Jalaja describes three different types of ego in her book. The first kind of ego is the heart-centered ego, which is the kind of collective ego present in the tribal groups that humans have lived in for millennia, and this is typified by her story of Carl Jung’s meeting with an Amerindian, who remarked that the whites think too much with their minds, whereas his tribe thought with their hearts. The second kind of ego is the control addicted ego, which is typical of the civilizations that have created great empires and which is typified by dominance of their particular civilization over others, and even over Nature, and symptoms of this include increasing complexity of society and the inability to calm one’s mind. The third kind of ego is presently emerging, the planetary ego, wherein all humans identify as being citizens of Planet Earth, and that we only survive as members of a planetary community. A practical person that she is, Jalaja has included exercises in the book that readers can do to understand the workability and practicality of the concepts within.

Although this is Jalaja’s fifth book, it was the hardest one for her to write, particularly since she wasn’t clear, at the start, what the book was about, particularly as the ideas came from her intuition, and translating these intuitive concepts into concrete, conscious concepts was one of the challenges she encountered. Writing about the stories, on the other hand, was easy for her, as she admits she loves telling stories, which, she notes, are the most ancient way in which humans learn.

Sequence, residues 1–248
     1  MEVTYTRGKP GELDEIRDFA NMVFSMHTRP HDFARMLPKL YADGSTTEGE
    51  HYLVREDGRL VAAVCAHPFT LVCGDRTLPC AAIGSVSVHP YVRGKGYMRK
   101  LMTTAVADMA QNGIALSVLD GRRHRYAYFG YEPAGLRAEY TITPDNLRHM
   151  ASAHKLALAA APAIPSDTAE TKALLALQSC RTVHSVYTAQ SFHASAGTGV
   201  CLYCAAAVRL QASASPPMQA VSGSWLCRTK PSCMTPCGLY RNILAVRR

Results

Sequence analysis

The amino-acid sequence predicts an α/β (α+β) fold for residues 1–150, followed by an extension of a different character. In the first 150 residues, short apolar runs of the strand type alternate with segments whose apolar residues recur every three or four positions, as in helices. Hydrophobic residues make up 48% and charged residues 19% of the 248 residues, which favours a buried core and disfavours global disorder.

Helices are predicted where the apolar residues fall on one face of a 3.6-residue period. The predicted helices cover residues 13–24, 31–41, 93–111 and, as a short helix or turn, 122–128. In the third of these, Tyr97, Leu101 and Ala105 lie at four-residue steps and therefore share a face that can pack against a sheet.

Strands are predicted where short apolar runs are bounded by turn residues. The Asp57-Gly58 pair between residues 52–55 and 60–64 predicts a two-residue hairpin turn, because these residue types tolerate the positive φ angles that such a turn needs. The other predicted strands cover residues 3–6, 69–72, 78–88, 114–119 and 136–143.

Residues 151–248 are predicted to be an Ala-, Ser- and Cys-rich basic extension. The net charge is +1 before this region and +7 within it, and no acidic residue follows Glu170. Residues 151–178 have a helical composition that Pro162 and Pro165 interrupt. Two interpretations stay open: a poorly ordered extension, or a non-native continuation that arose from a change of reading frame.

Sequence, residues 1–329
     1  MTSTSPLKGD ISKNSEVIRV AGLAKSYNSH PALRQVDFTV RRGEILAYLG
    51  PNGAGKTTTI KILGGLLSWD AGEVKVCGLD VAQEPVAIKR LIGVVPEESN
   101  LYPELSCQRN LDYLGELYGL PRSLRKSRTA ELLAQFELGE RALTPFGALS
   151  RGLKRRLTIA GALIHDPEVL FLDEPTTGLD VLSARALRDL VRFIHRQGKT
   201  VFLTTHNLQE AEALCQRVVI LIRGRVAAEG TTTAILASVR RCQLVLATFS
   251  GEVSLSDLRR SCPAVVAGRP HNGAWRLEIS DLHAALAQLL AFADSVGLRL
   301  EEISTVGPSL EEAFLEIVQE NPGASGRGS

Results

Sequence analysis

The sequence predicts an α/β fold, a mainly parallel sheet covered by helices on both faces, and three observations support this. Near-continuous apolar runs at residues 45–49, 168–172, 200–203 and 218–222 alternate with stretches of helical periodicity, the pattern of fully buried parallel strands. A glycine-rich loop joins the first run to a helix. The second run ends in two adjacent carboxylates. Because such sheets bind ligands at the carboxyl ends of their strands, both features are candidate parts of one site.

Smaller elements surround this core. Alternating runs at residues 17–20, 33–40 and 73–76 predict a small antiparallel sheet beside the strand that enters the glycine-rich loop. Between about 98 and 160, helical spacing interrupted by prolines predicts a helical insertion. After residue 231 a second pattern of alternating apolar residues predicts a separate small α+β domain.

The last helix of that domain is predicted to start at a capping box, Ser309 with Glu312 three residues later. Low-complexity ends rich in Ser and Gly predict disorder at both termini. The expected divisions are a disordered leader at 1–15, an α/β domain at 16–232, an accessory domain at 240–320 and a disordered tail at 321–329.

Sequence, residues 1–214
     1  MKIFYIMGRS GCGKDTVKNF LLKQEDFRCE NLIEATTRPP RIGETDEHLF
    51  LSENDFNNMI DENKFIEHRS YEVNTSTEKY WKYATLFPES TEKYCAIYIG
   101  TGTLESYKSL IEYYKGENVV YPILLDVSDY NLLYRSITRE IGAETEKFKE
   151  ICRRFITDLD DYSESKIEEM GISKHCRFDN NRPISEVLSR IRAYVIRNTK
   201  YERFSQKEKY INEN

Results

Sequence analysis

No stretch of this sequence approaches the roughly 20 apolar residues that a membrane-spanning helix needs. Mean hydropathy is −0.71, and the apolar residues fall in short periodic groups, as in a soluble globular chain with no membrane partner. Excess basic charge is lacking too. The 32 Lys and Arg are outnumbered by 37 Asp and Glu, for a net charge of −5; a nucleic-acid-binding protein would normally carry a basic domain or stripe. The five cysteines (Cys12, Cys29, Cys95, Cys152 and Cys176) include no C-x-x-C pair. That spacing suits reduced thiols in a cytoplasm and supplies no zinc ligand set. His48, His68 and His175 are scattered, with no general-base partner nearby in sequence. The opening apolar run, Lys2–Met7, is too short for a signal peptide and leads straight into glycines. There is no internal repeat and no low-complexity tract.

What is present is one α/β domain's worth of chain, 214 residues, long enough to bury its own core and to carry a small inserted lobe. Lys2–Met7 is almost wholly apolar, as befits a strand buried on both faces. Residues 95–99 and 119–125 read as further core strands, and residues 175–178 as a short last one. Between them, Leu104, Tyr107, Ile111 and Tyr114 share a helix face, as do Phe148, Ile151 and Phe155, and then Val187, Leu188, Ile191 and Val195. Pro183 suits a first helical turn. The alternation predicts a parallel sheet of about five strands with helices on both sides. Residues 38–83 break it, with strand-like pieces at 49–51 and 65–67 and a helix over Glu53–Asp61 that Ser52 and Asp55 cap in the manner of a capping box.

She would like the book to be read by thought leaders who are committed to peace and transformation, particularly the average person, who can become a thought leader in their own right, thanks to connectivity. With regard to future topics, Jalaja admits that she’s got a lot of ideas, and that writing about Circle work is one that presently interests her.

Jalaja loves to dance, and she uses this in her Circle work as a way to connect. She dislikes doing her taxes, as this is indicative of a complicated world. She is also interested in creating Circles using the Internet, and experiencing the love and connectedness of a huge group of people online, from all over the world.

Jalaja Bonheim’s website for his book, The Sacred Ego: Making Peace with Ourselves and the World, is

On Amazon: The Sacred Ego: Making Peace with Ourselves and the World